THE EASTER OFFENSIVE
While prose and straight ahead personal story writing is largely not my form of artistic expression, I somehow find myself with the urge to enter this one as it may come out. For me, a place such as this site is so new to my experience regarding inviting writings about Military Service, and in particular for me Vietnam, that I feel open to the risk of revealing myself just a bit. I am one who has been very closed mouthed, due to a number of painful episodes after returning to the World, ever since. I shut down, and went from there. I paid a steep price for the silence, but I justified it as the lesser pain than the mistreatment and lack of understanding, which was common for those of us returning home back in the day, to receive.
Either way, now is now. Slowly, I am dealing with it. For decades, I had fallen into a dark mood, and I guess what they call a depression, always beginning around the middle to end of March, and going on for at least several weeks hence. I didn’t see the pattern for a good many years, and even when I did, it remained a mystery to me as to why. Considering that I had locked away The Nam from even myself (as much as that was possible) I suppose that is a logical reason for the blank spot in my mind. One year, I had a serious suicide attempt during this time. Still, after regaining consciousness in my own bed a few days later, there remained no connection to the past as having anything to do with it. I lived alone, as I do today, and so no one knew. I shook it off and went on from there.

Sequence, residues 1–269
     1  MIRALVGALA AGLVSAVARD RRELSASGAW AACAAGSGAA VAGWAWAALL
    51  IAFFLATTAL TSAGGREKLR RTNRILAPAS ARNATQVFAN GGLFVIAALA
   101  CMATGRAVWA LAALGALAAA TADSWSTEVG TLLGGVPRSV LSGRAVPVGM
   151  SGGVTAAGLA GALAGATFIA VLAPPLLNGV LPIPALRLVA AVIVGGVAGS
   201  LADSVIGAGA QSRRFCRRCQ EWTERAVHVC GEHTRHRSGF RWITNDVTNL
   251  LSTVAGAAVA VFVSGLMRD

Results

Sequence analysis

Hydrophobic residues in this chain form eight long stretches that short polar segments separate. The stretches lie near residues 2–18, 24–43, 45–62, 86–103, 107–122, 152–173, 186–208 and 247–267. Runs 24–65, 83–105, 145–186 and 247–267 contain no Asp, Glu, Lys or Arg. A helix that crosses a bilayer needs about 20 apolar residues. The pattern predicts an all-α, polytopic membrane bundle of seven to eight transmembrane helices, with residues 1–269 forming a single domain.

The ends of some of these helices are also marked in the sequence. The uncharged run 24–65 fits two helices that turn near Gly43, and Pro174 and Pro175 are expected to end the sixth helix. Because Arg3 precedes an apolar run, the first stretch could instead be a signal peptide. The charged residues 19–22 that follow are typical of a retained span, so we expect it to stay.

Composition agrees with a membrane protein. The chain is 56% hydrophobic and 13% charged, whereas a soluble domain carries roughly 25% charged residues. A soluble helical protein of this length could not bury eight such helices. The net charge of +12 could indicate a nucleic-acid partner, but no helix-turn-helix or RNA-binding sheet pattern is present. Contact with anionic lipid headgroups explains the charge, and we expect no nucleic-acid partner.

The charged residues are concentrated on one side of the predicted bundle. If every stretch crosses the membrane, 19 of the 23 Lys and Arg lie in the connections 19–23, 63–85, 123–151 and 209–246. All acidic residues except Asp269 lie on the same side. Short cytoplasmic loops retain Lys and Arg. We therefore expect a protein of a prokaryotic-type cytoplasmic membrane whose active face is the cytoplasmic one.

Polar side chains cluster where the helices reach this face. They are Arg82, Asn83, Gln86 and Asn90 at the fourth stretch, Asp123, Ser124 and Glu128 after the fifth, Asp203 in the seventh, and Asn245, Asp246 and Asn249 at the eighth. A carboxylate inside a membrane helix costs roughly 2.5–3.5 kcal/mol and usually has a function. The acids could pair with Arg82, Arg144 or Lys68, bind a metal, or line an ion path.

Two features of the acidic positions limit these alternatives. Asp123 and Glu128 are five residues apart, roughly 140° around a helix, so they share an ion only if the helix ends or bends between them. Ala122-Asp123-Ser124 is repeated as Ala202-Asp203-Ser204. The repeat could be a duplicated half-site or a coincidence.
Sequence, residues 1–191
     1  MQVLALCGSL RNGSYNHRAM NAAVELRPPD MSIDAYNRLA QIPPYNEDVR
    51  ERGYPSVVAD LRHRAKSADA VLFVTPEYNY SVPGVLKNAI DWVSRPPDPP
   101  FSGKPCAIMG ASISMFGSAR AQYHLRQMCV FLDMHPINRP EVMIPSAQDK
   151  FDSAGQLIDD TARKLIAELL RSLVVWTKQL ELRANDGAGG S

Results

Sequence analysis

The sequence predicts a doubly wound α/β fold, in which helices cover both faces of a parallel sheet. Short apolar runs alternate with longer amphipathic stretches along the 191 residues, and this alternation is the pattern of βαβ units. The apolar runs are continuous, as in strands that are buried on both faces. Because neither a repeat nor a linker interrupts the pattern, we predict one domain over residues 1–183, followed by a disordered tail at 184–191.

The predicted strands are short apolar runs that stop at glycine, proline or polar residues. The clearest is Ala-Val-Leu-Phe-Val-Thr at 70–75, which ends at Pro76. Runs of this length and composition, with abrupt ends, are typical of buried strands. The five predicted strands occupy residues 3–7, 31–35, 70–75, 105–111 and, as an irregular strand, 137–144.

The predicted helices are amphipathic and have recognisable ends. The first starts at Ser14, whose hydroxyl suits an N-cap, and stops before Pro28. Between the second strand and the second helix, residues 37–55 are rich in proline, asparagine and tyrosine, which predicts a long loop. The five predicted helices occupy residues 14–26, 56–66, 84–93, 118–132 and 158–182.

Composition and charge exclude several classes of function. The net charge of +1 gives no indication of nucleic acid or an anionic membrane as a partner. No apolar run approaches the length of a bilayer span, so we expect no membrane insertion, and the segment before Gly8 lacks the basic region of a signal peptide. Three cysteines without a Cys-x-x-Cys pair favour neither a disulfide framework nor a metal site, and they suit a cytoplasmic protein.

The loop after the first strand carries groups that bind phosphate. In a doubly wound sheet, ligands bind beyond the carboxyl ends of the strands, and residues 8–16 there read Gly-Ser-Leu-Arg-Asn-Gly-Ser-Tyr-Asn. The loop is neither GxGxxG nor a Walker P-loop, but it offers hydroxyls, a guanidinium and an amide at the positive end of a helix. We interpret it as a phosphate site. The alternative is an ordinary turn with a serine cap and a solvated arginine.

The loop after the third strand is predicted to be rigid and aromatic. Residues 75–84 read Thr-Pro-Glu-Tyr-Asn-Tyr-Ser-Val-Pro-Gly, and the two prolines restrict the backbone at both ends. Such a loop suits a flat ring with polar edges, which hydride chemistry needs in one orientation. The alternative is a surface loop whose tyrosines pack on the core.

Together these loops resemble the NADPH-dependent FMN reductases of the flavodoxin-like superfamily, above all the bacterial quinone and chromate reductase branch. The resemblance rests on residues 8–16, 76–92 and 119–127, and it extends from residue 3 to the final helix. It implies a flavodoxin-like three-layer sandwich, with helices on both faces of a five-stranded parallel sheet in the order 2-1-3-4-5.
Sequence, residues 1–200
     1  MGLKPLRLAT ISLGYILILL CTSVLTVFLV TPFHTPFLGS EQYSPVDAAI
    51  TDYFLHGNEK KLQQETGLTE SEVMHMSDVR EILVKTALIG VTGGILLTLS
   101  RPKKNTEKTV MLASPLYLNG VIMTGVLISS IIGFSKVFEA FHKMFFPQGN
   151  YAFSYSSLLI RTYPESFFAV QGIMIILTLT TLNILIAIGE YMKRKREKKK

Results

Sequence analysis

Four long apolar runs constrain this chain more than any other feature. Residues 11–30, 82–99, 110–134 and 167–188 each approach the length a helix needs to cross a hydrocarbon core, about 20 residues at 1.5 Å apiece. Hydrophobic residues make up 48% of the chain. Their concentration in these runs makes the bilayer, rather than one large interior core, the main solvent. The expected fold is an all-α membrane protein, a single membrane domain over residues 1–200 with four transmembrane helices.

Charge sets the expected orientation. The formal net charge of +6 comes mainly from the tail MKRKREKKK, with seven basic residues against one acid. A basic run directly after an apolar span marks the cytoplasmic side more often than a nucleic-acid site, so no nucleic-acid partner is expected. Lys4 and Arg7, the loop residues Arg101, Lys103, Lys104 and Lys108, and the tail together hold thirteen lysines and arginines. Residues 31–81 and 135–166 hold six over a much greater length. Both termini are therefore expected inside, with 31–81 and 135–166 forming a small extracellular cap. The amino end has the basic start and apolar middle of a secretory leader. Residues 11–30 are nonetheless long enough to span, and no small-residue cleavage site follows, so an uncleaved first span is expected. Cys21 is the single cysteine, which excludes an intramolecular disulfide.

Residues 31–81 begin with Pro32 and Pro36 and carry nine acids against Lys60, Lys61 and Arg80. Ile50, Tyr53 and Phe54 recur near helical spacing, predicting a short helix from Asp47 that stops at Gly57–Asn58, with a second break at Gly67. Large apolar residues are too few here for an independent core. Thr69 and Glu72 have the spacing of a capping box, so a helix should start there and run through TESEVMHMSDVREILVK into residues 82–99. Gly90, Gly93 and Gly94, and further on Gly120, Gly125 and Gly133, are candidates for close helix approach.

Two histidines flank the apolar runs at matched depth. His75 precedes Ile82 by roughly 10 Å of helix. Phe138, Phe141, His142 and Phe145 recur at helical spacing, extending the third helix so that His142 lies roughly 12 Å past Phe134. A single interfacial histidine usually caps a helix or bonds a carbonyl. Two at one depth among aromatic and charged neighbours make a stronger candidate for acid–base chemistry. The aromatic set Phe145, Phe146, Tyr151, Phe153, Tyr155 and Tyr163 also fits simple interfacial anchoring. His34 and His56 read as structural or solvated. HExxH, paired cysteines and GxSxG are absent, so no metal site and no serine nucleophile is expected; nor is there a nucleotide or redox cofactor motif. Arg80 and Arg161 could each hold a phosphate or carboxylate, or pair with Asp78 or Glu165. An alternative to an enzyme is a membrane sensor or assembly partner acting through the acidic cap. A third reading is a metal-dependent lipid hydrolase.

About 6 or 7 years ago, I was asked out of the blue if I had served in Vietnam. The woman asking was a good friend, and she had lost her brother there. He was 2 weeks short when he went down. I asked her why she was asking me, and she repeated the question. I said, “Don’t ask”, and she said, “I’m asking.” I could not, out of respect for her and her brother, tell her no. I said yes. Besides, he was my Brother too, you know?
That is the moment I point to as my beginning toward bringing things out, and eventually opening up to other Vietnam Veterans I knew, and later seeking outside help. I consider myself far behind where I might have been, but at least on the way back. Some days, I regret having said a thing to others. I tell myself, “it ain’t nothin’” but most days now, I feel I am doing the right thing, confused as I usually am. Always though, I know I could not have lied to her, and disrespected her brother’s legacy. I never could have expected that moment to bring me the helpful people and blessings of healing which came from that.
Two years ago, I landed in the Psychiatric Unit (affectionately known as ‘The Flight Deck’ in these parts) right about this time of year. Not my first trip there, but it had been a lot of years since my previous time. I wasn’t in all that bad of shape really (Really!), but there was something coming up I figured I could get to faster in there, and without the usual distractions of life. I did… the Easter Offensive, beginning 30/31 March,’72, Quang Tri City. Months lay ahead for this once more Un-Godly time. I’m sure you know.
I lost a close friend on day thereof the offensive. Most of us know the pain of this loss too, I’m aware. I mean no disrespect, nor lessening the personal feelings to anyone for their losses by bringing this particular friend of mine up. It’s just that it hurts so badly. I don’t know why, but losing Wes, as we called him, brings up all the losses I saw, I felt, I went home without. And there were many. Every one was too many. Damn.
I now know why I get the way I get as March moves along, and April comes on. It hasn’t eliminated the feelings that overtake me. But knowing has made me less at the mercy of the unknown. I am most careful about falling into the dark place too far – most of the time. Still, sometimes I think I should just let go, and fall, fall, fall.
I wrote about it! This is a first. I’ll try and post more creative things next time. Thanks for the space. Be well.
©Copyright April 11, 2005 by Tim Bone